Johannesburg - Eskom is the biggest government environmental offender – and after R2 million paid in fines, it’s not changing its ways.
This is according to the Department of Environmental Affairs (DEA), which launched its annual National Environmental Compliance and Enforcement Report on Thursday.
The report detailed a number of environmental crimes committed by individuals and industry, from rhino poaching to illegal waste disposal.
Criminal investigations are now under way into, among others, BHP Billiton and Arcelor-Mittal.
In the public sector, Eskom was the worst offender, for:
The department sought prosecution because of the “significant non-compliance” at the Camden station, but the National Prosecution Authority decided against it – according to the National Environmental Management Act, the state is bound by the law, but can’t be held criminally liable for not following it.
The latest round of amendments to the act may change this, but until they are passed, the DEA is investigating how it can hold individuals liable for non-compliance instead.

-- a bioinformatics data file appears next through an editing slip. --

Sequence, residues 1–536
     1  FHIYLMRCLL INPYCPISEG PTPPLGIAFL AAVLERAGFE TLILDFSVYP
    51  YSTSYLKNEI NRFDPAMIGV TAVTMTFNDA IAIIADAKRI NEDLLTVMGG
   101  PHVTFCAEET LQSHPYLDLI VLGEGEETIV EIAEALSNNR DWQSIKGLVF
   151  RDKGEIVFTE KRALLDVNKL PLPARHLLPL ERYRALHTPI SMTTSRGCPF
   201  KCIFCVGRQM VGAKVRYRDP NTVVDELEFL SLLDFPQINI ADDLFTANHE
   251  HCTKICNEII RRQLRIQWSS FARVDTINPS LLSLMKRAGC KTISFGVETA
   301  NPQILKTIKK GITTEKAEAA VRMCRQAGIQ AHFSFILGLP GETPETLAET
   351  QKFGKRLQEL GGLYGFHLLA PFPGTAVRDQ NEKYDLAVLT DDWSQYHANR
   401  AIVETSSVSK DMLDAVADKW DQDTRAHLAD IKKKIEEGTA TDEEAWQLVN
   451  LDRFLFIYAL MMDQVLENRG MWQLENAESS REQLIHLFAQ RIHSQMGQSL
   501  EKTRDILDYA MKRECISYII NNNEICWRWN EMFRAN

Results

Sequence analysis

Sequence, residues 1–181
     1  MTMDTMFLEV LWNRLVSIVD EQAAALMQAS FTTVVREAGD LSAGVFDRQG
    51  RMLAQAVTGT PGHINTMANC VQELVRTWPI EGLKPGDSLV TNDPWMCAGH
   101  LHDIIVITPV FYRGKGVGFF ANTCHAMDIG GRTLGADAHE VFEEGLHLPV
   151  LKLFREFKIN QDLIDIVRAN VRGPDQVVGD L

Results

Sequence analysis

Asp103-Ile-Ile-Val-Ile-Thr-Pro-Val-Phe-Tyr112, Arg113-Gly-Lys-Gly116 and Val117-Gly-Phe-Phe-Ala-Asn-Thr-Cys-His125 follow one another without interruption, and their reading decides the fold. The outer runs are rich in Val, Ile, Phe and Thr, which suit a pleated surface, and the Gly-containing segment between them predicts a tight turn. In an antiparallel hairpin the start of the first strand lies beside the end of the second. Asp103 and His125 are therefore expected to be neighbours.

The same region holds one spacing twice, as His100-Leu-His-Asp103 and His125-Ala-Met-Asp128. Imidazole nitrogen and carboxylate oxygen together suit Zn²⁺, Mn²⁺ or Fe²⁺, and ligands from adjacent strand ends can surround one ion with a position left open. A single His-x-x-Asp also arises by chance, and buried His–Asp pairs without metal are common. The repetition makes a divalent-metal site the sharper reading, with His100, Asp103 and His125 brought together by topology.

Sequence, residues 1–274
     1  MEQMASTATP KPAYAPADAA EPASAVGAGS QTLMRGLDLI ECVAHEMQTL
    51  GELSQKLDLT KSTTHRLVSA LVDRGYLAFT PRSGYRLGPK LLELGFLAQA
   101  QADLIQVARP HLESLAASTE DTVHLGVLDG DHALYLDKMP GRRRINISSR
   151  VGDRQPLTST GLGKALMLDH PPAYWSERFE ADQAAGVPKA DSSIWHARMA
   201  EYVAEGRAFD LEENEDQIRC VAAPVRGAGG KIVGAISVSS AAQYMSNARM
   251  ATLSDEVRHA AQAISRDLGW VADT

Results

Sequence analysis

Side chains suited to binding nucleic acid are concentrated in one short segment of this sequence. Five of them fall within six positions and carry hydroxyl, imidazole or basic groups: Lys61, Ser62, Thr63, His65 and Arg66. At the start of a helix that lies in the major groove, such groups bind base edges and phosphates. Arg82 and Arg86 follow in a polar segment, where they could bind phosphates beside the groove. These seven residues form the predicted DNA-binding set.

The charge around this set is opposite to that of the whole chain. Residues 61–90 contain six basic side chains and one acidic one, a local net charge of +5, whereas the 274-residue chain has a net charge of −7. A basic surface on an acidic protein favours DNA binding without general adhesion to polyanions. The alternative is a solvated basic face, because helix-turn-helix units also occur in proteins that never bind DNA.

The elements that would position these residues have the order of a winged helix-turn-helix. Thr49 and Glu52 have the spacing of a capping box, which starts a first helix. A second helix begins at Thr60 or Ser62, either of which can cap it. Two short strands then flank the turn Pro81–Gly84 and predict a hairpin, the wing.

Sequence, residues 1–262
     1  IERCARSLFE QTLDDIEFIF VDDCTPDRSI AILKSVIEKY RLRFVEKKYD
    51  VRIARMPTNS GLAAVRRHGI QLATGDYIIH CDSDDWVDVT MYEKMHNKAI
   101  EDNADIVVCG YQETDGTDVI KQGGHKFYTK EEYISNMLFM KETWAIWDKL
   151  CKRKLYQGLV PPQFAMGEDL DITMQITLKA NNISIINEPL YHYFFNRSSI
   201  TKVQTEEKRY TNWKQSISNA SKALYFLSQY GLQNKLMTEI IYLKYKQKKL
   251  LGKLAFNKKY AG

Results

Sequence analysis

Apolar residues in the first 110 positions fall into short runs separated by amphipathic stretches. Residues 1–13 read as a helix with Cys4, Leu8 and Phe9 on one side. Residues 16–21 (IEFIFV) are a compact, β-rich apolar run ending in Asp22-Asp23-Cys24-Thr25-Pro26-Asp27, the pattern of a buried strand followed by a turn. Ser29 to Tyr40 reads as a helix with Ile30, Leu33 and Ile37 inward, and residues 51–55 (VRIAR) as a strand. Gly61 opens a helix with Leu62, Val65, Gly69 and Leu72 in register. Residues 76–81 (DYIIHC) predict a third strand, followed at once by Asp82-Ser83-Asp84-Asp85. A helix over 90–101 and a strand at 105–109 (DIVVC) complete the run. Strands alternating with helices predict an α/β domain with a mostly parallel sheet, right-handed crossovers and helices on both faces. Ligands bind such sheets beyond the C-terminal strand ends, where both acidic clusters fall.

The power utility said it “takes these issues very seriously” and had “a range of programmes in place across the organisation to ensure we comply with environmental legislation”. It claimed the DEA had inspected the three stations in 2009, but that Eskom received pre-compliance notices only this year and had addressed most of the issues.
The department has been able to take action by fining Eskom, but this seems to have had little effect.
In terms of the act, authorisation must be obtained for starting an activity that may have an impact on the environment, such as construction. It involves conducting an environmental impact assessment and developing an environmental management plan.
But section 24G of the act allows for companies to pay a retrospective fine for beginning a listed activity without fulfilling these requirements.
Eskom has paid more than R2m in these fines.
“The number of section 24G applications that have been submitted to the DEA by Eskom are evidence of continued non-compliance and it would appear that the levying of these fines is not resulting in compliance or deterring the company from contravening the law,” the report said.
But it’s not just Eskom. Last year saw a dramatic increase in these fines across the board, from R8.3m in the 2010/11 financial year to R17.6m this year.
“It tells us that a lot of people are using that section of the law to buy themselves out of prosecution,” said Centre for Environmental Rights executive director Melissa Fourie. - The Star